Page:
Although whites are increasing fastest in Seattle’s Central District, other minority populations have also grown. The numbers of Asians and Latinos saw a big jump between 1990 and 2000, and they now make up nearly a quarter of the neighborhood’s inhabitants.
When Rosalie Johnson, 84, moved to Seattle’s Central District in 1956, it wasn’t a lifestyle choice.
“We didn’t have a choice,” she says.
Let’s just say that column ticked her off.
When Johnson and her husband came to Seattle, restrictive racial covenants prohibited the sale or rental of properties to blacks (and often Asians and Jews) in neighborhoods outside of the CD and the Chinatown International District.
“Convenient? It wasn’t convenient for us back then,” she says, recalling some of the obstacles that people in the neighborhood faced. “Do you know how hard we had to fight just to get them to run a bus line down 23rd Avenue?” It’s one of the neighborhood’s main thoroughfares.
Nearly all Seattle banks refused to provide loans or financial services to anyone who lived in the neighborhood, a practice known as redlining. “The banks wouldn’t lend you a penny,” Johnson says. “They redlined us in, but it backfired, because we thrived — beautifully.” She recalls the neighborhood as almost a city within the city, with its own economy. “We had our own doctors, lawyers, newspaper — everything.”
Johnson still lives in the small home that she and her late husband, Felbert Johnson, bought in 1961, with the help of the G.I. Bill. But there has been tremendous change all around her in the intervening decades.
By the 1970s, it wasn’t as easy to find good jobs, like the one Johnson’s husband had with Boeing. Drugs started to become a problem, too, and some folks left for the suburbs south of the city. But no factor changed the area more dramatically than the gentrification that began in the late 1980s.
While many of our city neighborhoods have gentrified, nowhere more than in the CD is there such a pronounced racial component to that transformation.
I analyzed demographic data for this narrow stretch of Central Seattle between 15th Avenue and 31st Avenue, roughly with Madison Street at the north and Judkins Park at the south. The census shows that in 1970, more than 15,000 blacks called this area home, making up 73 percent of the neighborhood’s population. By the 2010 census, the neighborhood had become majority white. Today, the number of blacks has dwindled to less than 5,000 — not even 20 percent of CD residents, according to 2014 estimates from Nielsen.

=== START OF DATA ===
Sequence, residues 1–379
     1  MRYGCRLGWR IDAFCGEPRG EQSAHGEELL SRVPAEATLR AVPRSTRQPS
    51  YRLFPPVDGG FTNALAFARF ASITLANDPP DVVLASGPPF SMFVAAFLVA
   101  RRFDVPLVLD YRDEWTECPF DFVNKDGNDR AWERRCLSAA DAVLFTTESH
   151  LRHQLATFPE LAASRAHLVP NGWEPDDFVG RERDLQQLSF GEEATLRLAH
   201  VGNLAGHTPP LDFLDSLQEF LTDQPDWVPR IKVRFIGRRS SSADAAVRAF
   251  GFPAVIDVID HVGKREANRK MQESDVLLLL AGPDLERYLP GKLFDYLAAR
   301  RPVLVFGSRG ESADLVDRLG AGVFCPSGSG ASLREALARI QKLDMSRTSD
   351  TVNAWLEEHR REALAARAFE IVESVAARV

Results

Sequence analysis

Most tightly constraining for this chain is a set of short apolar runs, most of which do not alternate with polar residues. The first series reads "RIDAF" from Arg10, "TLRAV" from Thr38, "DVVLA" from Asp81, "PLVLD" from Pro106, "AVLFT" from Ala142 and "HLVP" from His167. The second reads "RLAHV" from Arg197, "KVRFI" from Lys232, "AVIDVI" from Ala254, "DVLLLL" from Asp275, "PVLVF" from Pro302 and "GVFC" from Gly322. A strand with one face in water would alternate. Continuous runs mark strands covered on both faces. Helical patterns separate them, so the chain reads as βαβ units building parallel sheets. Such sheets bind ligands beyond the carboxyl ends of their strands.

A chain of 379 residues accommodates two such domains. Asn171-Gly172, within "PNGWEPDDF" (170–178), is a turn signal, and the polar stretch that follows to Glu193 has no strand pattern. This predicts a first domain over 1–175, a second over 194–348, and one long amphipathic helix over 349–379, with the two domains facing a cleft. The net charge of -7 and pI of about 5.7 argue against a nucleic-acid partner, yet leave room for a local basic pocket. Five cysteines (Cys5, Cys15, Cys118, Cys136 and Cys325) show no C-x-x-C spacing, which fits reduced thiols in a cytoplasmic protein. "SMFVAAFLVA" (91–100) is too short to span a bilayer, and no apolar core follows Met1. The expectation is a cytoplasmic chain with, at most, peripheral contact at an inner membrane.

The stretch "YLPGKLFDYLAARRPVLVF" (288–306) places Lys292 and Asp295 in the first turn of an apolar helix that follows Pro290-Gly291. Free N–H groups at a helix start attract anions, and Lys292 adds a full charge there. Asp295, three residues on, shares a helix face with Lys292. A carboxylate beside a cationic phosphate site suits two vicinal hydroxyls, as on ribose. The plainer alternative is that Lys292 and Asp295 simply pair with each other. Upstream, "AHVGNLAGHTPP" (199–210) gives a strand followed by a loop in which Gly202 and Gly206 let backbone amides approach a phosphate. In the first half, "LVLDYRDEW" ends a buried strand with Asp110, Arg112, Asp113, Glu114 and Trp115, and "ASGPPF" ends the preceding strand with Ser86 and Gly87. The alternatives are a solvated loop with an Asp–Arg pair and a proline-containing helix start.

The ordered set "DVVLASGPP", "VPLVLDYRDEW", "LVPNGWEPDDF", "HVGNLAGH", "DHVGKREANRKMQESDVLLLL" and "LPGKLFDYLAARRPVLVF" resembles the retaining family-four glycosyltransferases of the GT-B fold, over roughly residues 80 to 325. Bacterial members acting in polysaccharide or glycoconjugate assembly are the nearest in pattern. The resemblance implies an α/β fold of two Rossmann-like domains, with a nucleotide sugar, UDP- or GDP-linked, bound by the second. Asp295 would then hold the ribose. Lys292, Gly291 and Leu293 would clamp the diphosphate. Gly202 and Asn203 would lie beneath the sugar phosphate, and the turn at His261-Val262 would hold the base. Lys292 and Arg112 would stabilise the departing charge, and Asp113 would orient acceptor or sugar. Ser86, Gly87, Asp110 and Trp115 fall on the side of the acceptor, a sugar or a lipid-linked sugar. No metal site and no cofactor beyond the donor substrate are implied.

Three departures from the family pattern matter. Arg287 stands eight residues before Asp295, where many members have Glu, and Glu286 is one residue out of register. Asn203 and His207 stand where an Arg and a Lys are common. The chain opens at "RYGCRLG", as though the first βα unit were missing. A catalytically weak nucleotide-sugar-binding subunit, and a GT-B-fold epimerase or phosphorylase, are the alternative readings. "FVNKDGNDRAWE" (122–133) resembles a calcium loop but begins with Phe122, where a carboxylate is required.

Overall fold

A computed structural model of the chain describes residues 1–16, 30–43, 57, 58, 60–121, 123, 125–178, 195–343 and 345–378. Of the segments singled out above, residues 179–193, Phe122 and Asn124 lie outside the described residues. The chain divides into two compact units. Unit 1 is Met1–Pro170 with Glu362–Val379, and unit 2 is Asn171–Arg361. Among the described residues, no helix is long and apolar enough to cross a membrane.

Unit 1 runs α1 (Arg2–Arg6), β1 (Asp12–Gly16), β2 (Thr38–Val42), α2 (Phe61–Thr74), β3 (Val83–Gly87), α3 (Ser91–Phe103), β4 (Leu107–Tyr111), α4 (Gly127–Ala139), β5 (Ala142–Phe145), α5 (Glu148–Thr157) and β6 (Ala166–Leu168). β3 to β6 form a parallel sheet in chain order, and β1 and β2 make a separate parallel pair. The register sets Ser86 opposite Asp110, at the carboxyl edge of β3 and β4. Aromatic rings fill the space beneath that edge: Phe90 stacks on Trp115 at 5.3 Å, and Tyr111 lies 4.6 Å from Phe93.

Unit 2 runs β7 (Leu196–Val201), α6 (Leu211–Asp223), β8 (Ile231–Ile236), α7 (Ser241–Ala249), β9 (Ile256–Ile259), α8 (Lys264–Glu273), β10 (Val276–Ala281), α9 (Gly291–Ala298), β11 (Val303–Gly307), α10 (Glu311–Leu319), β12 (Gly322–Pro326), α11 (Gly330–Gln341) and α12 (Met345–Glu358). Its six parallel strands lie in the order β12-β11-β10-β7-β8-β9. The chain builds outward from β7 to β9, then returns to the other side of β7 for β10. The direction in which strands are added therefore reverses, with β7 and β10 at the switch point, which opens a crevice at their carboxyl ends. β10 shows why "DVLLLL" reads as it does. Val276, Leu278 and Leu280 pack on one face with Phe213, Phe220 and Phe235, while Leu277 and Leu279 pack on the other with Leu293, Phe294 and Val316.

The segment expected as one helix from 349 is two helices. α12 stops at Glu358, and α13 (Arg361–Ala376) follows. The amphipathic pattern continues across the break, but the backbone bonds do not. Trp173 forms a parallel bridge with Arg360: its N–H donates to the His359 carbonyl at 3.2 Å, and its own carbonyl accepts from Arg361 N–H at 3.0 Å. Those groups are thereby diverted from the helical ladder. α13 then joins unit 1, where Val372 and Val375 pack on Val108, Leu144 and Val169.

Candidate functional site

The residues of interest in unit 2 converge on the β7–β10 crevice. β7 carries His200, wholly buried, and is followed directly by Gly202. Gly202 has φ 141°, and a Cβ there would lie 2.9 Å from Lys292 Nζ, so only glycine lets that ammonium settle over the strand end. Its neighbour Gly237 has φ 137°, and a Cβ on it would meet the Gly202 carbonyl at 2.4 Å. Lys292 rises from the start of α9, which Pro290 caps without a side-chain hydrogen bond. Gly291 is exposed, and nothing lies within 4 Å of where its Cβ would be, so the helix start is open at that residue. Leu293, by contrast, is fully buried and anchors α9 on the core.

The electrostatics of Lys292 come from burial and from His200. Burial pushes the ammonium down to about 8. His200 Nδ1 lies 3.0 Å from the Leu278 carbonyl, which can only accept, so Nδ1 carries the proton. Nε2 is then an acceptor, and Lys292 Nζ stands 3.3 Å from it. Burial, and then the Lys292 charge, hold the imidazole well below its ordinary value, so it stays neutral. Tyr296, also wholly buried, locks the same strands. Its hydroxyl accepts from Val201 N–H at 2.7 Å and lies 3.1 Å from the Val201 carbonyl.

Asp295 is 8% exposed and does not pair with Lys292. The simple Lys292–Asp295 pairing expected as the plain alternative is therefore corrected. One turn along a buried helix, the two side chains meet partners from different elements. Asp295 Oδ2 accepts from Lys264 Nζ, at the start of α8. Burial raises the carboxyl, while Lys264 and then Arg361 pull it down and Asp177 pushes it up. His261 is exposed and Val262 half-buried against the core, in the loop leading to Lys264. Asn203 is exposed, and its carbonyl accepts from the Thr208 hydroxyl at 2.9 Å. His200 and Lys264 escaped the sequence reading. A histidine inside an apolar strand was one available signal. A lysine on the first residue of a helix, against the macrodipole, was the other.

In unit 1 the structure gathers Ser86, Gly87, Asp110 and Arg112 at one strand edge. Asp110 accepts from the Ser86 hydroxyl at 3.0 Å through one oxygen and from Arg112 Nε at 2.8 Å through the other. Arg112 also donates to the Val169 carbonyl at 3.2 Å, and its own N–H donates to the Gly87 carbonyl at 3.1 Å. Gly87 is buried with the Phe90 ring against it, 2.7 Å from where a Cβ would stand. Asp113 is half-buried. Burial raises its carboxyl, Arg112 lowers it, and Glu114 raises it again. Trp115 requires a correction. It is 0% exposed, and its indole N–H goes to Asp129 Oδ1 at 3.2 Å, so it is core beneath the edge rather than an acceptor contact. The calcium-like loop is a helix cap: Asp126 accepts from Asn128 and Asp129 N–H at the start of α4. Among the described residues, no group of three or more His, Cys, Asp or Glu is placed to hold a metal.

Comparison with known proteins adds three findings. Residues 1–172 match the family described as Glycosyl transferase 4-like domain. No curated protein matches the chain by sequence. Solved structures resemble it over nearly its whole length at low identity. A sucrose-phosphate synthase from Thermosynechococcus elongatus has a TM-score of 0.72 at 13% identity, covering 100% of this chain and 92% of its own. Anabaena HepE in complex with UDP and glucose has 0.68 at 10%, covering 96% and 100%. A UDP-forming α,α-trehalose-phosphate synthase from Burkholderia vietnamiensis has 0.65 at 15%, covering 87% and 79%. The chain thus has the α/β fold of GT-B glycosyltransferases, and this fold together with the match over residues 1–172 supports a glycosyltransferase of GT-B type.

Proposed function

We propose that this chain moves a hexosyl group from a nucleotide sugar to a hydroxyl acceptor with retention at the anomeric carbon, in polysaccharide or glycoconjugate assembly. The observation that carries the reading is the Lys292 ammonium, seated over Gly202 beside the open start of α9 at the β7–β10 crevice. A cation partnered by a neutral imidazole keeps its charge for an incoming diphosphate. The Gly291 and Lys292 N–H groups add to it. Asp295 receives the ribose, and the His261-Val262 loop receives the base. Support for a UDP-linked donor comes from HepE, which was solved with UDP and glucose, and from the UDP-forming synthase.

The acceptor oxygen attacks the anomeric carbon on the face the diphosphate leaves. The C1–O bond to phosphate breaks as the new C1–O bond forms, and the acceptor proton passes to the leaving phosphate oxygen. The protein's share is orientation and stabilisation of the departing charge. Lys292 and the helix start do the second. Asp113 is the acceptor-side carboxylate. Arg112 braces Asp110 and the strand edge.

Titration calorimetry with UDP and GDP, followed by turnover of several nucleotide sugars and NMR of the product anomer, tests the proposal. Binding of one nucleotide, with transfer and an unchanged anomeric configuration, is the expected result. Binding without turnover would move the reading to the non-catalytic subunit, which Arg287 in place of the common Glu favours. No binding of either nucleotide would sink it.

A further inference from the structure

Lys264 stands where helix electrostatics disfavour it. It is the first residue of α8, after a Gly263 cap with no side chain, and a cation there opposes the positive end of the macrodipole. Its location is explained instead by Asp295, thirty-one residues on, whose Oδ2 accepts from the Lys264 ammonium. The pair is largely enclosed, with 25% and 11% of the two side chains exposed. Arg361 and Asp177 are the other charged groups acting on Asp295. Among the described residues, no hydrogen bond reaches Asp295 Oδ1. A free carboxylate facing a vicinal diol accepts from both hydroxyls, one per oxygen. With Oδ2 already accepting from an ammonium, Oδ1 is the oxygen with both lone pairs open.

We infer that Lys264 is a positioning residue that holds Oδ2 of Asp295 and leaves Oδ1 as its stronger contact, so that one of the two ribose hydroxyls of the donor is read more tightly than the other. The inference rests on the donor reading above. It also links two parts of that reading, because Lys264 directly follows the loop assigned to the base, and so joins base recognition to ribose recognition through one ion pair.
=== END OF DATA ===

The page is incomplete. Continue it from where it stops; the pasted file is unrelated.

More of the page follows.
Although whites are increasing fastest, other minority populations have also grown. The numbers of Asians and Latinos saw a big jump between 1990 and 2000, and they now make up nearly a quarter of the neighborhood’s inhabitants.
In fact, it’s only the black population that is declining, and that trend is projected to continue. The black share of the population will shrink by about 1 percent per year, according to Nielsen. If that holds true, within a decade, the CD will be less than 10 percent black — not so different from Seattle as a whole.
I asked Rosalie Johnson if she’s seen these changes on her own block. “Absolutely — any way you look,” she laughs. “They redlined us in, now they’ve redlined us out.”
Johnson says the biggest obstacle for blacks staying in the neighborhood is the cost of keeping up their homes, including the steep property taxes. While Johnson is doing fine — “I was always a great saver,” she says — none of her children will be able to afford to keep the home. That’s a common story in the CD.
She says the infusion of new money into the area is apparent, with homes being remodeled and expanded. Her block looks beautiful, but the neighborhood doesn’t feel the same.
“It was friendly. It’s different now. People come down the block — they look straight ahead and walk past. They don’t speak.”
She still finds a sense of community at her church, Mount Zion Baptist, and at the Central Area Senior Center, where she volunteers as a greeter, saying hello to everyone who comes in.